Perspectives from a Mediator/Arbitrator

Thursday, March 23, 2006

The first day of Spring and Mistakes about fact

Well - we made it through another Winter with Spring coming to us on March 20 this year. I made the mistake of announcing to my children on March 21 that it was the first day of Spring only to be corrected by my son that "yesterday was the first day of Spring". Well, I think it is important as a mediator or an arbitrator to admit and acknowledge when I make a mistake about a fact. I know that my son follows the changing of the season much more closely than I do, so I was pretty certain that he was right. I told the story of getting the date wrong to a couple of people and they all said that Spring came a day earlier than normal this year. Having established from a couple of sources that I was indeed incorrect about the first day of Spring, I have accepted the fact that I was simply wrong about my fact.

Being wrong can mean very different things for a mediator than it means for an arbitrator. If I get a fact wrong during a mediation (and of course it has happened), I can be corrected and I can move on. I can not immediately remember a situation where getting a fact wrong in a mediation has ultimately had any impact on the outcome of the mediation. It has certainly caused a problem here or there but as I accept that I can make a mistake - when it is pointed out I will accept it and move on to fix any problem that may have been created by my mistaken knowledge. Once doing so, I can work to get the process back on track toward resolution.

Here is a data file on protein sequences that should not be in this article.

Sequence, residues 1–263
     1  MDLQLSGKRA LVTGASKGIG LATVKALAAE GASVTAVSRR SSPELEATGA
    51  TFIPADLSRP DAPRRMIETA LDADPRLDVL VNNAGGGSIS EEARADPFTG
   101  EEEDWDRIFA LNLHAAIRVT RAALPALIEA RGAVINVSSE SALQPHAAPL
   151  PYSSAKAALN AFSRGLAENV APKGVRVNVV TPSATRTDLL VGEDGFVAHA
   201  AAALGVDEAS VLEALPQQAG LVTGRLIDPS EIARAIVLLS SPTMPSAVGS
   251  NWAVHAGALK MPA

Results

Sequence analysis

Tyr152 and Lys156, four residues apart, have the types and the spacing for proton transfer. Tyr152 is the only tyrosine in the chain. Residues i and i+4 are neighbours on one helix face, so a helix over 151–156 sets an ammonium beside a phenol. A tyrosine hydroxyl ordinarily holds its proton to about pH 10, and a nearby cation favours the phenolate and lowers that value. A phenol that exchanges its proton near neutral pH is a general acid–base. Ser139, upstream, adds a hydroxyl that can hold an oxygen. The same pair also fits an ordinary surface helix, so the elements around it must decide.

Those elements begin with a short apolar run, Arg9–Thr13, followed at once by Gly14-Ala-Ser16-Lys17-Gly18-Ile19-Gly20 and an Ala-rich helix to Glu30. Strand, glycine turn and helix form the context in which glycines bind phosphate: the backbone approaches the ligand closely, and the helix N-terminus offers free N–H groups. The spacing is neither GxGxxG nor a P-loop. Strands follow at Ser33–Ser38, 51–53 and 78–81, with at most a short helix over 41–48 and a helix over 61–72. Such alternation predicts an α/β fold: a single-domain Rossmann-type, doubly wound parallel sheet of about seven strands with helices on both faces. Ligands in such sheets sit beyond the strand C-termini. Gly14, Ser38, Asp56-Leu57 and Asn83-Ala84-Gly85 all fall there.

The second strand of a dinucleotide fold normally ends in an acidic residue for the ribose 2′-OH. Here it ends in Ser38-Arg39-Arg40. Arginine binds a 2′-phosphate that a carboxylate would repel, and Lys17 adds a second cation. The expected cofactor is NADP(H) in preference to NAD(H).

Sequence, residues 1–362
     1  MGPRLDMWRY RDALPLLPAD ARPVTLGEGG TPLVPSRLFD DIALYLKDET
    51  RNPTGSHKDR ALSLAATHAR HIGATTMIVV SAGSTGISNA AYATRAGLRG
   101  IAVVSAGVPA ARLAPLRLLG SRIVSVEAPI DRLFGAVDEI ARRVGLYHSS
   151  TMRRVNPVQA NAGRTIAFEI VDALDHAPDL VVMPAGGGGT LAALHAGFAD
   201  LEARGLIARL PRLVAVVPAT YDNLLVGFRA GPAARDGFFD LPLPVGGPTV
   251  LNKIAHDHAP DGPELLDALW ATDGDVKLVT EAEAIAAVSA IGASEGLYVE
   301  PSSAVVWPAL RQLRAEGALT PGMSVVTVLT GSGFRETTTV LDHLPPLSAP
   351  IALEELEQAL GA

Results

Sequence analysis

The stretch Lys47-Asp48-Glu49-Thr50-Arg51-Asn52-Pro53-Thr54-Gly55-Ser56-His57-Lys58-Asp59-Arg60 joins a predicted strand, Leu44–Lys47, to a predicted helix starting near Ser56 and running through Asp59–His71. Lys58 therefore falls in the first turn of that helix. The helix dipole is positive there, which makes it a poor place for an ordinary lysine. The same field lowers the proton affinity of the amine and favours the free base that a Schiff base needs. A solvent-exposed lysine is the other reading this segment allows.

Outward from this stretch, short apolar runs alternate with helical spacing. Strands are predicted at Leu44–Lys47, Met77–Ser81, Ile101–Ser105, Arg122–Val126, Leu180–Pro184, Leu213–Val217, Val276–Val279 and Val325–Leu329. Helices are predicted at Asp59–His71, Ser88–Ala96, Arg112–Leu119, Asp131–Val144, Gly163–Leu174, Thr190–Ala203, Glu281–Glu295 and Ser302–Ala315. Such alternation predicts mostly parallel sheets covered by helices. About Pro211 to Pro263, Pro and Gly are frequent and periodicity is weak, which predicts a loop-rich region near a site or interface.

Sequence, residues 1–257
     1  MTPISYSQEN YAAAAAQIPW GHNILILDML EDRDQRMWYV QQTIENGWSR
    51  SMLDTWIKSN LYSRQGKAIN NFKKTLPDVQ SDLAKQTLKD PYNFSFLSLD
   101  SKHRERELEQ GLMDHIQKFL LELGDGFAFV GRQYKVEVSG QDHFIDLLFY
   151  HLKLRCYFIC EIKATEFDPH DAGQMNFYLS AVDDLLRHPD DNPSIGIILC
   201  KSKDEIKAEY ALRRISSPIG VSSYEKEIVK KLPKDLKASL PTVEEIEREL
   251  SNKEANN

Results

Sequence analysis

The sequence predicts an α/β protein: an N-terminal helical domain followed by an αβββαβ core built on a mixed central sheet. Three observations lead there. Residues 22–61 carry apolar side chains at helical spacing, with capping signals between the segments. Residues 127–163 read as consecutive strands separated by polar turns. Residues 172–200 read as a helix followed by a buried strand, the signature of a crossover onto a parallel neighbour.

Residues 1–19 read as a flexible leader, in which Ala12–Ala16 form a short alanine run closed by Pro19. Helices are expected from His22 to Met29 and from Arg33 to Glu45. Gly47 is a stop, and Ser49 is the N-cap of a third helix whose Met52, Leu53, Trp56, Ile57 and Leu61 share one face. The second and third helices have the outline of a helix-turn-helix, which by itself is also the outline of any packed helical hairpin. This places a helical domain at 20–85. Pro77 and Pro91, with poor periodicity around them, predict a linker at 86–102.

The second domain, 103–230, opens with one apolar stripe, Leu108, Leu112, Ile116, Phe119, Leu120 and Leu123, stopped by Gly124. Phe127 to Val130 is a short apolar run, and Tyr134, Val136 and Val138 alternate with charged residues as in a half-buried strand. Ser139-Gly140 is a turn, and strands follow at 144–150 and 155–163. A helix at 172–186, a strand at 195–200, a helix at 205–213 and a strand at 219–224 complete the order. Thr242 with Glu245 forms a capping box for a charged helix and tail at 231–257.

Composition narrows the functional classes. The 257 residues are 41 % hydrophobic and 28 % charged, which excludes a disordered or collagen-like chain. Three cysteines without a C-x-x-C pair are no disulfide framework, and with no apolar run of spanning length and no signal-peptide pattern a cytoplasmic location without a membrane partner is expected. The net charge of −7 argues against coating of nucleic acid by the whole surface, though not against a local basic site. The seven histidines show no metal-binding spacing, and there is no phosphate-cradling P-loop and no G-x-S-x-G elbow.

When I work as an arbitrator, being mistaken about a fact can have much more serious consequences. If I can determine my mistake before I write the decision, I can be corrected. That is part of the reason that I like to "where and when possible" engage the parties in what I am thinking as the case proceeds. I think it helps them to know what I am thinking but it also has a secondary role of making sure in my analysis that I am either not missing something or proceeding on the basis of a mistaken fact. If I do not find out about my mistake until after the decision is written and sent out - there is nothing I can do about it at all at that point.

I was wrong about which day was the start of Spring! When I found out - I acknowledged it. I am going to be really careful before I make any pronouncements to my children about the commencement of Summer.


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